By Bruce Schneier
Botnets have existed for at least a decade. As early as 2000, hackers were breaking into computers over the Internet and controlling them en masse from centralized systems. Among other things, the hackers used the combined computing power of these botnets to launch distributed denial-of-service attacks, which flood websites with traffic to take them down.
But now the problem is getting worse, thanks to a flood of cheap webcams, digital video recorders, and other gadgets in the “Internet of things.” Because these devices typically have little or no security, hackers can take them over with little effort. And that makes it easier than ever to build huge botnets that take down much more than one site at a time.
By Dave Maass
May 2, 2017
Electronic Frontier Foundation
Too often, the political process advantages police over the public interest. In California, a new bill—S.B. 21—offers the rare opportunity to shift the balance in favor of privacy. It’s time for Californians to seize back control of these surveillance technologies. Police should not have unilateral power to decide which privacy invasions are in the public interest. All surveillance technologies must go through a public process in which citizens and elected officials have a chance to decide the limits of high-tech policing, including whether to acquire and use new spying tools in the first place.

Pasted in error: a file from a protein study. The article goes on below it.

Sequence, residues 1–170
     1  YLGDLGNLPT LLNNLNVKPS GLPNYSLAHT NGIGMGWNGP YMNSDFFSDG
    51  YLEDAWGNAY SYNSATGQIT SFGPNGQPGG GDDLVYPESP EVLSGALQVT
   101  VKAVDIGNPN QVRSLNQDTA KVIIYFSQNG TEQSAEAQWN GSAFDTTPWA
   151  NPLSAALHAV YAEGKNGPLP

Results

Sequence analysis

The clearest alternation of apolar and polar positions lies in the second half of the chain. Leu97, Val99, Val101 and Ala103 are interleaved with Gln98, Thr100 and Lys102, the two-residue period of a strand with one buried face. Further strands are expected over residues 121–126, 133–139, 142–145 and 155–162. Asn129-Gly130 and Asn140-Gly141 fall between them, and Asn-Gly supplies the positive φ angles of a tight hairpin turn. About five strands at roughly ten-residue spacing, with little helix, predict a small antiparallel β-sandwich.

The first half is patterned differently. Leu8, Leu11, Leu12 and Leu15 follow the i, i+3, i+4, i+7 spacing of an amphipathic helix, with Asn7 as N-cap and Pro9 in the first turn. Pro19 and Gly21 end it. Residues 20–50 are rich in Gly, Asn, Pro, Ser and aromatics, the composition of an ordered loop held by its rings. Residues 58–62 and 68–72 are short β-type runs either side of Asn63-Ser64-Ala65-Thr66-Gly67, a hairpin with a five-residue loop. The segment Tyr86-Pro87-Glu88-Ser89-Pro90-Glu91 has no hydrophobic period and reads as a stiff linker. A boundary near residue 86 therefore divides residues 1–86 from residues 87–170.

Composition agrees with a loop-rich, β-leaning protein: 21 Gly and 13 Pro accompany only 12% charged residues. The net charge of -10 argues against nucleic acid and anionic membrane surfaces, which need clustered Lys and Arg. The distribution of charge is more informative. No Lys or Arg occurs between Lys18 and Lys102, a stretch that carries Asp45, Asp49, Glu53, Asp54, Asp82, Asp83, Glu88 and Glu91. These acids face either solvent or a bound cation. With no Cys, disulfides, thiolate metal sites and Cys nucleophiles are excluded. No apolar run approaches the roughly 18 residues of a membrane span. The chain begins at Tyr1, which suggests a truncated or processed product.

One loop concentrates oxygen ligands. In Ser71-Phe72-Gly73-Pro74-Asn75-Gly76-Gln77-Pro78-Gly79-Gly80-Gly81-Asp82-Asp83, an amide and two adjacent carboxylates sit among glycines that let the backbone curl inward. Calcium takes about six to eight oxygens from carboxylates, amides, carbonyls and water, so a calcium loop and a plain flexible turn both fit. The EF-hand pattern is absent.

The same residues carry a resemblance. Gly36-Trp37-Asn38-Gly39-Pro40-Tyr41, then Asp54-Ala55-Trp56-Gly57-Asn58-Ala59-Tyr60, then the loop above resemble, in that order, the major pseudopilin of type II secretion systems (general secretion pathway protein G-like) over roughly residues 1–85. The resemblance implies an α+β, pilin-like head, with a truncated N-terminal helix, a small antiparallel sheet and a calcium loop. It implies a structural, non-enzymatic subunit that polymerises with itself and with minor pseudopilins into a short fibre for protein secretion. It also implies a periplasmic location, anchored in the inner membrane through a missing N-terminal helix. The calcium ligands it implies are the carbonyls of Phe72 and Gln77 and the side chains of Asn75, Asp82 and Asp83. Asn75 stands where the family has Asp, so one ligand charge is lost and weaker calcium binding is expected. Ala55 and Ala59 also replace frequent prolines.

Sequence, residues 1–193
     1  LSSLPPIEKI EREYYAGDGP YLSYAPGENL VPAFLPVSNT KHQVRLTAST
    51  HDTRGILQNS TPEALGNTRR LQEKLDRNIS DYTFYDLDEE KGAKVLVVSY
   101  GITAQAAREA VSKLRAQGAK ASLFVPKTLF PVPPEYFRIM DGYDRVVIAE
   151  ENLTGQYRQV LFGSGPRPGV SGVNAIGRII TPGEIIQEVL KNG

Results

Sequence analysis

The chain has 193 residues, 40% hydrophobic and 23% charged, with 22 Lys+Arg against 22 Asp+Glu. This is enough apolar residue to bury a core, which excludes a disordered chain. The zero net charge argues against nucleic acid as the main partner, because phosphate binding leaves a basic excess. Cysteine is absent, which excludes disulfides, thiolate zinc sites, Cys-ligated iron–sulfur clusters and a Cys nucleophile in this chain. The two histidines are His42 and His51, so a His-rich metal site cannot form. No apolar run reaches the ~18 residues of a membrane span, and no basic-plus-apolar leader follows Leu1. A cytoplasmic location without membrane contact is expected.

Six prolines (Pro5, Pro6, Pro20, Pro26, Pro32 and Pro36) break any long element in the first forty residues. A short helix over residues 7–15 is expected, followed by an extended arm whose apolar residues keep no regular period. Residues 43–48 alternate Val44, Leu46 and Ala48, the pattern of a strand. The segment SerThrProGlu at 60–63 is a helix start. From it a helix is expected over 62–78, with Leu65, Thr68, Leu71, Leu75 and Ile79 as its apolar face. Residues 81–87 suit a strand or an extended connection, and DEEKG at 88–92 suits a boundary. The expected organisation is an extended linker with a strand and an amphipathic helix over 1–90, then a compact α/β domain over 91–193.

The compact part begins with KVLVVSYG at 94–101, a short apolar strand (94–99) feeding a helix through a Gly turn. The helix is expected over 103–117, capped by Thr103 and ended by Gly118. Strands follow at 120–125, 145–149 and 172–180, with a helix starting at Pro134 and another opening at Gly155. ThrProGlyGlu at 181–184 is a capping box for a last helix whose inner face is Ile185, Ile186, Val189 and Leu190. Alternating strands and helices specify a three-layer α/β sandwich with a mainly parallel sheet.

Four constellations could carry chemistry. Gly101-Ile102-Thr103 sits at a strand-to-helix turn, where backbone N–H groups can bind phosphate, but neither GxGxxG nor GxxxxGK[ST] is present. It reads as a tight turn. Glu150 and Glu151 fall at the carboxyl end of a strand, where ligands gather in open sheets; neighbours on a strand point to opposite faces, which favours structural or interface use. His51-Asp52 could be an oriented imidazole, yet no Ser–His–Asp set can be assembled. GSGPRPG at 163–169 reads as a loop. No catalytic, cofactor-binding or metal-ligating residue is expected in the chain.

By Cynthia Khoo
May 5, 2017
Our communications regulator, the Canadian Radio-television and Telecommunications Commission (CRTC), released a landmark decision that planted a flag for Net Neutrality, bolstering the future of online innovation, competition and affordable choice and allowing residents to meaningfully participate in today’s digital society.
The decision took a stand against what we see as the anti-competitive and harmful practice of zero-rating. Zero-rating is when an internet service provider charges users different rates for the exact same amount of data at the same speed, based on which apps or websites you use. It’s what happens when, for instance, data used to visit Facebook is given special treatment versus data used to visit your favorite blogger or independent media outlet, just because Facebook struck an agreement with your ISP.
This allows ISPs to manipulate low and expensive data caps to drive user behavior and tilt the playing field toward big players with deep pockets. Especially when marketed as “free data,” zero-rating also distracts consumers from asking why data is so expensive to begin with — or from questioning the legitimacy of having data caps at all.
The CRTC made clear in its decision that harmful zero-rating practices would violate Canada’s Net Neutrality rules, and set out four main criteria it would use to assess the legality of future zero-rating programs that ISPs might implement: the level of content discrimination, the level of exclusivity, the impact on internet openness and innovation, and the presence of financial compensation (e.g., a content provider paying an ISP to zero-rate it).